Abuse: Halachic and Ethical Dilemmas (2)

Thanks to all who commented on the first scenario. Consider, now, a new scenario.

Your daughter is showing signs of strain. She has not been herself for some time. You have tried all manner of parental approach: the stick and the carrot and you can’t seem to manage to cajole her to be on the same page as you and your husband. She is also not performing to her ability at school.

You become aware of rumours that a male associated with your daughter’s school has been exposing himself and may well have fondled or even forced himself on some girls. When you hear these rumours you are in a state of disbelief. You cannot imagine that this apparently fine and upstanding individual would do such things. If he did, then you conclude that he must be sick or have experienced some trauma that has scrambled his moral compass.

One day your daughter casually mentions that the said person approached her and attempted to interfere with her. You aren’t sure whether actual interference has taken place. On the other hand, this may well explain her unusual behaviour and lack of focus. Given the rumours, you run to the School and meet with the powers that be. They tell you that there have been issues with this person and that he is receiving treatment and the strong indications are that this earlier behaviour will no longer be manifest. It’s a close-knit school where each parent knows the other and shares strong common ideals. The school did not contact the police because they felt they were dealing with it internally through professionals. Their Rabbi forbade “Mesira” anyway and there was no mandatory reporting in place.

You are concerned. The said perpetrator is still “at large” in the sense that he is able to find ways to continue to interact with the children in the School. You are told he has done Teshuva. What do you do?

  1. Do you allow any of your children to continue to be enrolled in the School?
  2. Do you have a halachic responsibility to inform as many parents as possible about what happened to your daughter? (What about her shidduch chances and those of the siblings, given the close-knit community)
  3. Should you go to the press or post on a blog, even anonymously.
  4. If you fail to advise other parents and the police, and another child is interfered with are you halachically or ethically culpable?
  5. Did you transgress לפני עיוור לא תתן מכשול and/or לא תעמוד על דם רעך?
  6. Can parents now sue you for damages, both halachically and civilly?
  7. Can your children sue you if you didn’t remove them from the School?

“Reality looks much more obvious in hindsight than in foresight. People who experience hindsight bias misapply current hindsight to past foresight. They perceive events that occurred to have been more predictable before the fact than was actually the case”. Hersh Shefrin

Abuse: Halachic and Ethical Dilemmas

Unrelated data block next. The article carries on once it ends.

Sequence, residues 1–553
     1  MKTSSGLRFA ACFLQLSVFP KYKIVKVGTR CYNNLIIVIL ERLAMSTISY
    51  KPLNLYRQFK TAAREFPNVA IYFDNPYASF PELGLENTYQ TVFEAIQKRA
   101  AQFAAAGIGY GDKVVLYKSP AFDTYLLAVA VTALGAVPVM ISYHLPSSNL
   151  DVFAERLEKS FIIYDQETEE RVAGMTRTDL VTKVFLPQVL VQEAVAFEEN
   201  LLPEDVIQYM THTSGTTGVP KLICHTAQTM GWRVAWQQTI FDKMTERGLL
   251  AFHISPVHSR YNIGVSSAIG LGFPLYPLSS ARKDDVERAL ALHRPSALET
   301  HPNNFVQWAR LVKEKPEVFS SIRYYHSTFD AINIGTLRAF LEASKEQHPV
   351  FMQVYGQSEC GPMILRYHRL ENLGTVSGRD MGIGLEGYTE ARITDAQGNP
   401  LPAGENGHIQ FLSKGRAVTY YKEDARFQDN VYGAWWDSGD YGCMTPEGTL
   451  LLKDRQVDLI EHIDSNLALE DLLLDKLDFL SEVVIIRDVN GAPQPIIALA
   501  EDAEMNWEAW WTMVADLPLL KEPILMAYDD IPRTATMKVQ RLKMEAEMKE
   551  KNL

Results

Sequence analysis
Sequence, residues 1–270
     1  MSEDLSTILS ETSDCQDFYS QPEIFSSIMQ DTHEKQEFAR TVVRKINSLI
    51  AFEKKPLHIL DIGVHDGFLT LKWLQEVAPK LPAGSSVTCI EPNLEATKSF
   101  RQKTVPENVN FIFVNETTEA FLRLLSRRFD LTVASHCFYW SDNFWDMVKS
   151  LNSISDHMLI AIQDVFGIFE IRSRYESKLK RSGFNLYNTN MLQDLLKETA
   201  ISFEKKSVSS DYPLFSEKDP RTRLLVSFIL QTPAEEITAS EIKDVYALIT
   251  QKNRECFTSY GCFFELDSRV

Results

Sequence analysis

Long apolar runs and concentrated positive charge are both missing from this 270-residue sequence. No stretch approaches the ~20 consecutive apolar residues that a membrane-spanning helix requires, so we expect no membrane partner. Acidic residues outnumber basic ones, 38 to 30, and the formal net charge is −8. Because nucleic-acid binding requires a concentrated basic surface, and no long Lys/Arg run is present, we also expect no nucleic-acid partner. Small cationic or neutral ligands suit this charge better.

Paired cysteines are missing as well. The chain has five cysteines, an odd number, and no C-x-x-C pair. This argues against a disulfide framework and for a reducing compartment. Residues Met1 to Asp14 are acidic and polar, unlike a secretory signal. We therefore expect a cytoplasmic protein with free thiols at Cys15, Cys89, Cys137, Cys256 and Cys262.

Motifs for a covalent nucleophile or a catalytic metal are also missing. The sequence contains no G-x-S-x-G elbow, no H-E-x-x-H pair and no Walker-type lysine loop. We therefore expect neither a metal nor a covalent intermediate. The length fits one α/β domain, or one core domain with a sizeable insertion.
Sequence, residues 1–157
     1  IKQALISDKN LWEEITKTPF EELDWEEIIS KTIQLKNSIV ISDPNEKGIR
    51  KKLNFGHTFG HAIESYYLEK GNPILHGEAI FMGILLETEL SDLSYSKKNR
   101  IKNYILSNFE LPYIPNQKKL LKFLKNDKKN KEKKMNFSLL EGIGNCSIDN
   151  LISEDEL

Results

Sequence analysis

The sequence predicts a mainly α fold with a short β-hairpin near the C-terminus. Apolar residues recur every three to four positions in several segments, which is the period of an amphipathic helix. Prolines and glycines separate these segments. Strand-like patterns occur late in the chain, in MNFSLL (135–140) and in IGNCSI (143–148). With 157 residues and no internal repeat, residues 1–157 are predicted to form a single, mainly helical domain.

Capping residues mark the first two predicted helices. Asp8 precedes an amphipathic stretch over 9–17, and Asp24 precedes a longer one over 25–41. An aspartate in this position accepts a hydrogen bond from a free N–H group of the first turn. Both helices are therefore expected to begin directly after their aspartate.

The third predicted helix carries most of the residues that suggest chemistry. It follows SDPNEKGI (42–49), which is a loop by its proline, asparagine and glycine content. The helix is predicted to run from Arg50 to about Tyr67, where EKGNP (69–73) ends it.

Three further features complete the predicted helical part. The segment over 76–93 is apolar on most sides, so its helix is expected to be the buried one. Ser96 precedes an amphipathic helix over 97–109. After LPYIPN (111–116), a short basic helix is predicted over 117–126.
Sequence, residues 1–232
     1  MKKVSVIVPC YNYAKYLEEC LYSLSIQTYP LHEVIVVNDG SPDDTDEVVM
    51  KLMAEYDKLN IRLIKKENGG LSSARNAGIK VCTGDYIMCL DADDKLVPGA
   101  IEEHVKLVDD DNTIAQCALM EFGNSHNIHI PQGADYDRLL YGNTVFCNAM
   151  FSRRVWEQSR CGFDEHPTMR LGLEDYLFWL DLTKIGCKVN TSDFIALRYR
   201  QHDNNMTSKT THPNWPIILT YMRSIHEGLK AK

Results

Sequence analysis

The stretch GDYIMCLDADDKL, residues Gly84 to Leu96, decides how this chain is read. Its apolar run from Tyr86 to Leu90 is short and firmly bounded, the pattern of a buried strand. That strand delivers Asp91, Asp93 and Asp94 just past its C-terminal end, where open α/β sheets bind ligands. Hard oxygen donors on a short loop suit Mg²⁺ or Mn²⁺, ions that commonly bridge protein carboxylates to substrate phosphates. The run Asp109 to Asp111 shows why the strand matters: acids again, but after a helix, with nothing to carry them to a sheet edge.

Consider this scenario

The family of a victim of sexual abuse approaches the abuser and their family. The family of the abused has not yet reported the said abuse to the police; instead they initially confront the abused and their family. The situation becomes complicated and lawyers are brought in. Lawyers for both sides settle on an agreement involving some “compensation.” In return the abuser agrees to plead guilty to a somewhat lesser offence without recording a conviction.

The lawyer of the abuser is under no doubt that her client is a dangerous pedophile. She had a choice. She could have refused to take the case. In the end, whether she was the lawyer who accepted the brief, or a lawyer who turned the case down, she is unable to remove thoughts from her head. She is convinced that the abuser is a dangerous person and that he may continue on his misadventure and sexually abuse others. She is bound by client confidentiality; we understand that. 

My question relates to the Halachic imperative. Is a lawyer/person in such a case permitted to remain silent? Is there not a real problem of contravening a Torah command:

לא תעמוד על דם רעך

Unfortunately, the abuser commits further crimes. Is the lawyer somehow responsible? If they are not directly responsible, are they indirectly culpable?  Later victims, upon learning that a lawyer knew about the abuse and stayed silent, decide to summons the lawyer to a בית דין. They seek at least financial compensation for the years of medical treatment and the lost opportunity that a victim must carry all their life.

  • Is the lawyer permitted to stay silent from a Jewish point of view?
  • If the lawyer isn’t culpable from a Western legal point of view, how should the family of the lawyer respond to their vilification by elements of the community who are disgusted that their mother didn’t pass on her very real fears to the authorities?
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